All posts tagged: physics

Can You Square the Feeding of the 5,000 with Science?

We read the story of the feeding of the five thousand in all four Gospels. In John’s Gospel, it is immediately followed by the Bread of Life Discourse, in which Jesus lays out clearly the doctrine of the Eucharist. His teaching is quite clear: “Very truly, I tell you, unless you eat the flesh of the Son of Man and drink his blood, you have no life in you. Those who eat my flesh and drink my blood have eternal life, and I will raise them up on the last day; for my flesh is true food and my blood is true drink” (John 6: 53-55). From the reaction of the disciples (“This teaching is difficult; who can accept it?” [6:60]) and Jesus’s response to them (“Does this offend you?” [6:61]), we know that Jesus means what he says—otherwise his teaching would not be so hard to accept. The placement of the feeding of the five thousand in all four Gospels, and directly before the Bread of Life Discourse in John’s Gospel, suggests that there …

I Used to Be a Creationist

I have a confession to make: I used to be a creationist. This probably sounds absurd, especially coming from a student at a university which prides itself on its commitment to faith and reason—a university which was even home to one of the first Catholic defenders of scientific evolution—Fr. John Zahm. It will most likely sound even more absurd when I tell you that I am now making faith and reason my life’s work by studying theology, philosophy, and physics. I have quite clearly come a long way from thinking that science and religion do not work together, and would consider myself the better for it. Nonetheless, I am incredibly grateful for the time that I spent holding the opinion that we have to take the book of Genesis to its literal extremes, and thus that evolution just had to be wrong. It helped me identify one of the central aspects of the science and religion debate: science and religion are not at odds with each other if you recognize that science does not have …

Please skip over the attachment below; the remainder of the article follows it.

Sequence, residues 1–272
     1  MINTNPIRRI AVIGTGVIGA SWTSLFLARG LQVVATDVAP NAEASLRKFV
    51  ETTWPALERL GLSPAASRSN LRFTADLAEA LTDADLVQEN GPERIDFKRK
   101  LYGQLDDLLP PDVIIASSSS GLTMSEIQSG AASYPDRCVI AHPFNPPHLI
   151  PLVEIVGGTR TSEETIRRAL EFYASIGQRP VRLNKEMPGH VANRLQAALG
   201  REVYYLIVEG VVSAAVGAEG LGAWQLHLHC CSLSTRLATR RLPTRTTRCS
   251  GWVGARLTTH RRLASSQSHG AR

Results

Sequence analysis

Contemplating the Cosmos: God is Good—at Physics

One of the first questions people ask me, upon learning I am a physics major, is what exactly I study. In an abstract sense, I study the universe—its fundamental particles, forces, and the mathematics used to describe their interactions. Since this is usually still too broad, I describe my particular field of research: nuclear astrophysics. My advisor and I write and run computer code to simulate supernovae, the collapse and subsequent detonation of massive stars. Supernovae, as it turns out, are element factories, taking light elements (hydrogen, helium, carbon, oxygen, etc.) and fusing them together to form heavier elements. In the words of astrophysicist Neil deGrasse Tyson, “We are all connected, to each other biologically, to the Earth chemically, and to the rest of the universe atomically.” We owe our very existence—the elements in our bodies, in the air, and in the soil—to the stars, and to the nuclear physics governing them. But to what—or to Whom—do we owe physics? Any intellectual pursuit must begin with wonder. One of my most profound experiences of this …